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.Secret Emchy Society: Queer country music from Oakland’s Honky Tonk Heroes

music in the park san jose

Cindy Emch, songwriter, guitarist and lead singer of the Secret Emchy Society, opens her band’s latest album, Gold Country/Country Gold, with a radical reinvention of the Willie Nelson hit, “Cowboys Are Frequently, Secretly Fond Of Each Other.” It’s a fitting introduction to the album and another essential track from one of the Bay Area’s leading queer country bands. 

“That song has a long, hidden story behind it, not unlike much gay history,” Emch said. “Wille made it famous, but I’ve been digging around to find the story behind it. It was written by Ned Sublette, a Latino country music songwriter. It’s one of the only songs he’s written that’s widely known. I thought it would be great to start the album on a familiar note, and bring my own sense of pathos and drama to it. It’s a well-known tune, but the way I do it is different than Nelson’s sparse, ballad version. I’ve gotten feedback in the past that, despite the fact that I’m a queer person making country music, my music wasn’t queer enough. This seemed like the perfect answer to that. I wanted to revisit the song and make it the anthemic first track on the album. The way I do it, it brings a bit of gay melodrama to the old west.”

The rest of Gold Country is just as compelling. The band’s core members—Emch on electric and acoustic guitar, Tolan McNeil on lead guitar and backing vocals, Hans Winold on upright bass and drummer and backing vocalist Michele Kappel—are joined by special guests to fill out the arrangements. “We leaned into a kick the door down sound in places, for a harder edge,” Emch said. “Something About the Moon” is a rocking ballad, with distorted guitars and a backbeat with a taste of funk. Emch sings it with a simmering passion. “I Wish I Was in Texas with You” is a love song in waltz time, with bright, twang heavy guitar fills. Emch yodels the tag line of “Think I Do,” a country flavored blues, with an exuberance that suggests a radio hit from the ’50s. Winold’s cheery acoustic bass and Emch’s bright vocal make “Oceola” perfect for line dancing. It’s Emch’s sentimental look back at her childhood home. 

“Early in my college years, I came out to my friends as queer. I had crushes all along the gender spectrum, but I was primarily lesbian identified. No one was surprised. Friends and teachers told me they were glad I’d figured it out. They said they always knew I was gay. Once I knew there was a word for what I felt, I never shied away from being out, in every situation I was in. When I began performing music and putting bands together, the music always came out Americana and folk influenced, ultimately landing in country.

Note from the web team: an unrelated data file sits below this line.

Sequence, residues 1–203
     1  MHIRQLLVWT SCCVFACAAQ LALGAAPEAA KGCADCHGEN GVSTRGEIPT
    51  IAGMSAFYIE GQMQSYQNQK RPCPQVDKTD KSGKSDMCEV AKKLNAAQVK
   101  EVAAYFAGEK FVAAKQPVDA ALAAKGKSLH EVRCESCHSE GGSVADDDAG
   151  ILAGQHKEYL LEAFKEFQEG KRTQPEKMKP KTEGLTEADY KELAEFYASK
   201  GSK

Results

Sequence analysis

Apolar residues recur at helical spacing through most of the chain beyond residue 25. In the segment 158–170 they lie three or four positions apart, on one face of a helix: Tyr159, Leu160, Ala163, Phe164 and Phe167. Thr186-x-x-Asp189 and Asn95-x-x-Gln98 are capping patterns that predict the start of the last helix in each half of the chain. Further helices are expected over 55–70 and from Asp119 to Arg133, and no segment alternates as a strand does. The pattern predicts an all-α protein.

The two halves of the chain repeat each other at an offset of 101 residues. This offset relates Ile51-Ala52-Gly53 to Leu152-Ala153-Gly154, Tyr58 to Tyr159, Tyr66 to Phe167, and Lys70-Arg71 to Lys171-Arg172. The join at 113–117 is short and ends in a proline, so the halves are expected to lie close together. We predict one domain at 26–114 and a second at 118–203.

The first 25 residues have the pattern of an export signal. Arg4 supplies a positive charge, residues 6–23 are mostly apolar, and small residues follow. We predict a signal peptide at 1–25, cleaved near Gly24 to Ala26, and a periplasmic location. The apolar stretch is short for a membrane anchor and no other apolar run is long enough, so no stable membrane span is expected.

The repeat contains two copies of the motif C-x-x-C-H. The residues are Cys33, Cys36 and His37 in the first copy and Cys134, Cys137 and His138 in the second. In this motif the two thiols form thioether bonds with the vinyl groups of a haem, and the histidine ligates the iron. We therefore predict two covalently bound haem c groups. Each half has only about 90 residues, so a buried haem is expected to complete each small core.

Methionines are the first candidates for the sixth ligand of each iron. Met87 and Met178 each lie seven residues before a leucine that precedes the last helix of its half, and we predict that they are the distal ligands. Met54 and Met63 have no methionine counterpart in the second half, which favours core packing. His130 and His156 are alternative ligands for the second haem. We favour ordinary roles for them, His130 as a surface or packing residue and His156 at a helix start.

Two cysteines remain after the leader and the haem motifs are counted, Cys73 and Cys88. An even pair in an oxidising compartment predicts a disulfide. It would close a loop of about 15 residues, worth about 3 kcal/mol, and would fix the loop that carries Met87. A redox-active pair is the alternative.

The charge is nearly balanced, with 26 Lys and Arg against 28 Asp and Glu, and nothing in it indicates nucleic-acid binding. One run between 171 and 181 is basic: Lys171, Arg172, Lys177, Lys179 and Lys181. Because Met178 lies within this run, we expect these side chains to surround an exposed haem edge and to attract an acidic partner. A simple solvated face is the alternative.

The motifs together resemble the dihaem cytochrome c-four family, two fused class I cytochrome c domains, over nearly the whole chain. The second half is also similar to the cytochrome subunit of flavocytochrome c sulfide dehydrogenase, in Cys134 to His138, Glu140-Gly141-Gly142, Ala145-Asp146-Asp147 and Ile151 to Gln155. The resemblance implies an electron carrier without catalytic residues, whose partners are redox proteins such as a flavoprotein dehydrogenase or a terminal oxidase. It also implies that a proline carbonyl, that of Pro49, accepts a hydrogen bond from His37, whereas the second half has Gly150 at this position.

“Maybe it was growing up on Willie Nelson and Leonard Cohen, but when I go to write songs, they always start in a quiet, vulnerable place. This is a bit hilarious, in a way, since once things are ready to go at shows, and I perform on stage, I tend to be more raucous. I’ve been in a bunch of bands. Vagabondage was an Americana/Roots band with old timey leanings; Rhubarb Whiskey, Feral and the Oakland Wine Drinkers Union were solidly country. It seems like no matter what the inspiration or spark for a song is, once the music goes through my creative heart, it’s going to end up country.”

As she gets ready for the May 20 release of Gold Country, Emch is ready to embark on the next phase of her musical  journey.  “Right now, the greatest challenge in my life is trying to balance everything. I have a day job that takes up 40 to 60 hours a week, writing music and rehearsing with the band takes up about 25 or 30 hours. I also program a monthly radio show on Gimme Country radio—Emchy’s Outlaw Americana. That takes time. The band is starting to tour and play dates again, which takes up a lot of my attention. Plus, I have my wife and friends, and chosen family to keep up with, so it’s pretty hard. I wish I could clone myself a few times over to get more sleep. Since the band is still up and coming, it’s a constant hustle to get the music out there and stay connected to people. Now that we are on Broken Clover Records it helps, but we are always working, all of the time.

“That’s why I’m glad I live in Oakland. I’m close to the ocean and the redwoods and I love the diversity of the population. The art, music and LGBTQ2+ communities are accessible and amazing. The feeling of friendship and community feeds me, personally and artistically. As things open up, and I’m out in the world more, interacting with people, it gets my wheels turning, creatively.” 

One can find The Secret Emchy Society at and listen to Emchy’s Outlaw Americana at 


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